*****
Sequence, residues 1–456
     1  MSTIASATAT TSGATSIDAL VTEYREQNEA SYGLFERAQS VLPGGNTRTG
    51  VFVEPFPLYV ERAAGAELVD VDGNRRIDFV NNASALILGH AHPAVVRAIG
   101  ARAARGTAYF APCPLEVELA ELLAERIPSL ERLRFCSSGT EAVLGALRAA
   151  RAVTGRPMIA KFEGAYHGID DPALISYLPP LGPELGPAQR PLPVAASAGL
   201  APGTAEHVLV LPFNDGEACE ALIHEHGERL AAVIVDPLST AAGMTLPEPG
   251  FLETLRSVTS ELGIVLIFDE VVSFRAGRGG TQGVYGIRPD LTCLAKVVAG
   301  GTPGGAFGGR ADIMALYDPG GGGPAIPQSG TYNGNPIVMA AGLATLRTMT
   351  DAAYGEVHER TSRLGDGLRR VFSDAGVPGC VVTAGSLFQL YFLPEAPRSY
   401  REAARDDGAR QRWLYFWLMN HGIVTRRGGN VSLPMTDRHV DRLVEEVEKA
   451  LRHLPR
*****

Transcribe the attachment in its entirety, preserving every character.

Sequence, residues 1–456
     1  MSTIASATAT TSGATSIDAL VTEYREQNEA SYGLFERAQS VLPGGNTRTG
    51  VFVEPFPLYV ERAAGAELVD VDGNRRIDFV NNASALILGH AHPAVVRAIG
   101  ARAARGTAYF APCPLEVELA ELLAERIPSL ERLRFCSSGT EAVLGALRAA
   151  RAVTGRPMIA KFEGAYHGID DPALISYLPP LGPELGPAQR PLPVAASAGL
   201  APGTAEHVLV LPFNDGEACE ALIHEHGERL AAVIVDPLST AAGMTLPEPG
   251  FLETLRSVTS ELGIVLIFDE VVSFRAGRGG TQGVYGIRPD LTCLAKVVAG
   301  GTPGGAFGGR ADIMALYDPG GGGPAIPQSG TYNGNPIVMA AGLATLRTMT
   351  DAAYGEVHER TSRLGDGLRR VFSDAGVPGC VVTAGSLFQL YFLPEAPRSY
   401  REAARDDGAR QRWLYFWLMN HGIVTRRGGN VSLPMTDRHV DRLVEEVEKA
   451  LRHLPR